Autumn brings beautiful fall colors, cooler temperatures, and the dreaded cold and flu. While you can somewhat protect yourself against the flu with a shot, there’s no vaccine for the common cold. Over the age of 65, even a regular cold can leave you flat on your back, and contracting the flu could be deadly. 

These remedies might not protect you 100 percent, but they can definitely help boost your immune system.

With that said, if you do contract a cold and experience severe symptoms such as high fever, nausea, dry/hard coughs that seem to linger, make sure to visit your doctor to ensure you don’t have a more serious issue.

Wash Your Hands Often

How many times have you seen someone cough or sneeze in their hands and then grab a door handle? This happens all the time, and you probably touch a door handle a dozen times a day. As simple as it might sound, washing your hands often can help reduce your chances of getting sick. 

When washing your hands, make sure to scrub thoroughly for at least 20 seconds to ensure your hands are clean. Don’t worry about using antibacterial soap either as both the common cold and the flu are caused by viruses not bacteria.

In fact, using antibacterial soap might actually do more harm than good in the long run as some studies have shown that its use could be linked to the rise of super resistant bacteria.

Exercise

That cold snap in the air makes it so tempting to stay inside and cuddle under some blankets. But getting daily exercise can help boost your immune system in addition to other benefits such as:

  • Decreased risk of developing heart disease
  • Improved circulation 
  • Increased muscle strength
  • Improved stamina
  • Arthritis management
  • Better sleep quality

The best part is that you don’t need to run a marathon or hike a mountain to get in some decent exercise. Doing chores, such as raking leaves or shoveling the snow, counts as moderate-intensity exercise.

Or, if you’d prefer staying indoors as the days get colder, getting some small home exercise equipment can help keep you active. You don’t even need that much space in your home for storage as you can find compact dumbbells or cardio machines that will easily fit in the corner of a room.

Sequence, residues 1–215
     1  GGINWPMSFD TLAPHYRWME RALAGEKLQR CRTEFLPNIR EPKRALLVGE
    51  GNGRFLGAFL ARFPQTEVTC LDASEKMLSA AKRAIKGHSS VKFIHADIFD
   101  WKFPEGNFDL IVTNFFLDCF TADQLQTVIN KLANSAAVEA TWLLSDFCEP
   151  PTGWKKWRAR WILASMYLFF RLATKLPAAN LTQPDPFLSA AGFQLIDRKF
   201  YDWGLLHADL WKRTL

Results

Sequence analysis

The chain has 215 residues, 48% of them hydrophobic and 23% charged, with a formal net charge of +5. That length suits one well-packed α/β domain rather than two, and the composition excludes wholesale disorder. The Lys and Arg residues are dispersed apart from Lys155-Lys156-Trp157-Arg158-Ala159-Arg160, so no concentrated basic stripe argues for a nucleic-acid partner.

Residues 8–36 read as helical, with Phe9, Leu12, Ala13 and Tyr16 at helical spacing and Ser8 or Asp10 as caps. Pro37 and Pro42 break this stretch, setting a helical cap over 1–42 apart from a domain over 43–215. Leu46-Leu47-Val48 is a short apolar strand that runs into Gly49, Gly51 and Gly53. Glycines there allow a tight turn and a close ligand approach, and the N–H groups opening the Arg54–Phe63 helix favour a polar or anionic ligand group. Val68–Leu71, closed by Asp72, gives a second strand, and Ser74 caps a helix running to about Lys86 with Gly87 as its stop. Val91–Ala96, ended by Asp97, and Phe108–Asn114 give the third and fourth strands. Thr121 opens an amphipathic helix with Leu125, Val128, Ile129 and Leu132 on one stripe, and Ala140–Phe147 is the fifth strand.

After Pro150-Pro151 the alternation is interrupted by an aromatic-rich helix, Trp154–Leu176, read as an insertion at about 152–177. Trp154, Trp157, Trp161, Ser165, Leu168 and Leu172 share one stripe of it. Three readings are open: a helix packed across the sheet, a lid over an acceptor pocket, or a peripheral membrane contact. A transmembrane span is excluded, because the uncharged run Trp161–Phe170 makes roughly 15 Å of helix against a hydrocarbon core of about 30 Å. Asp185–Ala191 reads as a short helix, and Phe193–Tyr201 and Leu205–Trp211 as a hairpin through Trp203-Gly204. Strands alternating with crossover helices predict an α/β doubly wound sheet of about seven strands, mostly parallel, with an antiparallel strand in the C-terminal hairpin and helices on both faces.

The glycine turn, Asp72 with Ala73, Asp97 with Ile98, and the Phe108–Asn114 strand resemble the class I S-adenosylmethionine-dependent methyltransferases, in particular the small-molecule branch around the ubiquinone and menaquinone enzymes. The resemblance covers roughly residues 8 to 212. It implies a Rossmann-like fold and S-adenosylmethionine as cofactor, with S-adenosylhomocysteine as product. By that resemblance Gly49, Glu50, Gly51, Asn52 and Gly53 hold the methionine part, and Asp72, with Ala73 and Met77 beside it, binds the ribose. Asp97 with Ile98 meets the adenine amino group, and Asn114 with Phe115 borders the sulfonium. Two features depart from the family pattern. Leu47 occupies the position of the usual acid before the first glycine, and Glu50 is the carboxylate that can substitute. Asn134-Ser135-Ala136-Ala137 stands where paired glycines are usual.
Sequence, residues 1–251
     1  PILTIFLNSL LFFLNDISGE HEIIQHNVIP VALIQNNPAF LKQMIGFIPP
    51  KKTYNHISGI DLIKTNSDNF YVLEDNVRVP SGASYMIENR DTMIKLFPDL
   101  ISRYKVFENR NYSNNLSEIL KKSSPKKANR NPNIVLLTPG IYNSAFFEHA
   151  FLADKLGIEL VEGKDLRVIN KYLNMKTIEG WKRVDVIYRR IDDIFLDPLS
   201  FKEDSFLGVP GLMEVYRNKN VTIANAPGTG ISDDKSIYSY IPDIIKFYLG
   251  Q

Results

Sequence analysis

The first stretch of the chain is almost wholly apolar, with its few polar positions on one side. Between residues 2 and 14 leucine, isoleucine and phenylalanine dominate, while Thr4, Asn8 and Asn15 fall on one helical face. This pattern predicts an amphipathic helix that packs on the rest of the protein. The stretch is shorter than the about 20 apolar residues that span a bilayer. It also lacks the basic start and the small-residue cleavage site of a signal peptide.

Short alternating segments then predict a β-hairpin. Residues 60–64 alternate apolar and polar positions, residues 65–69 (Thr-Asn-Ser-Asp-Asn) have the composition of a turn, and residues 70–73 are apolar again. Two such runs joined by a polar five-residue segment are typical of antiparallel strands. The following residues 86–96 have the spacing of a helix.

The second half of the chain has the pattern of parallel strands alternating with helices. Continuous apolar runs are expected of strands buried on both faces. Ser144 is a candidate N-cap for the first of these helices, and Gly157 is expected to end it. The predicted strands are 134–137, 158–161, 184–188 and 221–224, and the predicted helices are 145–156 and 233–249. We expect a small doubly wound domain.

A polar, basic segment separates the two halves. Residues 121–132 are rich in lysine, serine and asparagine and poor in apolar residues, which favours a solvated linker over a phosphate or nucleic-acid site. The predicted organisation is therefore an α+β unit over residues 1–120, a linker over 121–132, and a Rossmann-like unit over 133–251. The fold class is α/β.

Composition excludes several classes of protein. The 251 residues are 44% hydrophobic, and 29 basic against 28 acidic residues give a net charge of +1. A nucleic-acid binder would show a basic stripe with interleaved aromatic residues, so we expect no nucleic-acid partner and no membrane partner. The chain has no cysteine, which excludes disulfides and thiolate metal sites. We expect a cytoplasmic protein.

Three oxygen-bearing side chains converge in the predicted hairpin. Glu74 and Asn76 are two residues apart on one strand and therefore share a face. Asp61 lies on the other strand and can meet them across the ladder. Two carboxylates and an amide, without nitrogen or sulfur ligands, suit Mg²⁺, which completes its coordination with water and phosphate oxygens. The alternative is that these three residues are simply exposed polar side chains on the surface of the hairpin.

Get Enough Sleep

As you age, it becomes harder to get a good night’s sleep as your body releases less melatonin, leading to more fragmented sleep cycles. Add on those other health issues that can cause sleep disturbances and medication that can cause insomnia and you have a recipe for poor sleep. 

Sleep is one of the most essential needs as it helps maintain brain health, physical health, and mood. Getting less than the recommended six hours of sleep can also reduce the effectiveness of the immune system. 

If you’re finding it hard to go to sleep at night, you might want to look into your habits before bed. Do you have a routine that you follow? Are you looking at your computer or smartphone beforehand? Do you eat or drink before bed?

Take a good look at your routine and try to make the following changes:

  • Avoid looking at a screen for at least an hour or two before bed. The blue light from screens can negatively affect your sleep cycle.
  • Stop eating two to three hours before bed. This will allow your body to digest all the food consumed at dinner and then calm down and prepare for rest.
  • If you find yourself waking up in the middle of the night to go to the bathroom, don’t drink any liquids at least a couple hours before bed.
  • Create a routine for yourself to signal to your body that it is time to wind down for the day and get some sleep. That might mean reading a chapter from a book or even taking a shower or bath before bed.

You might also want to see a sleep specialist if you have consistent insomnia to rule out health issues such as sleep apnea.

Eat the Rainbow

A healthy immune system begins from within. If you’re not eating a balanced diet, you’re not getting the necessary nutrients to protect your body from harmful invaders.

It might be more difficult to stomach some food items as you age, but try to eat a variety of fruits, vegetables, and whole grains to keep your body healthy and happy. Some foods have a particularly potent effect on the immune system so make sure you keep them in your diet:

  • Blueberries contain flavonoids, which help boost the respiratory immune system.
  • Ginger has both anti-inflammatory and antioxidative properties.
  • Broccoli contains sulforaphane, a potent antioxidant.
  • Spinach contains vitamin C and E, both known to help support the immune system.

Stop Stressing

Life is full of stressors, but the trick is to not let them affect you too much. When your body is in stress mode, it releases a hormone called cortisol, which impairs the function of your T cells. You need those T cells though, as they’re white blood cell ‘soldiers’ that destroy invading pathogens. 

Stress can also lead to poor decisions and coping behaviors such as smoking and heavy drinking. Both of these also reduce the effectiveness of your immune system.

So, how can you reduce stress? Practice relaxation techniques that work for you whether that’s exercising, walking in nature, talking to friends, reading a book, or practicing yoga or tai chi.

Maintaining your health as a woman of 60+ doesn’t have to be complicated. Following these simple steps won’t just help reduce your risk of getting the cold or flu, it will also help improve your overall health and wellbeing!

What are some natural remedies you practice to keep from getting sick in the fall/winter? Let’s discuss more about the topic in the comments below!

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